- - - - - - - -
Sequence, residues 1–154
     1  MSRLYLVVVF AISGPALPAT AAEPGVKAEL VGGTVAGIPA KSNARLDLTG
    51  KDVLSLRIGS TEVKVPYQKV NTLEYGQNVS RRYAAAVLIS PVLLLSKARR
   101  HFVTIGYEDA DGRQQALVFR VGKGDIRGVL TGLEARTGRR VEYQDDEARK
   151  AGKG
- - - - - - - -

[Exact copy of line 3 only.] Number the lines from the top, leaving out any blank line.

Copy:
    51  KDVLSLRIGS TEVKVPYQKV NTLEYGQNVS RRYAAAVLIS PVLLLSKARR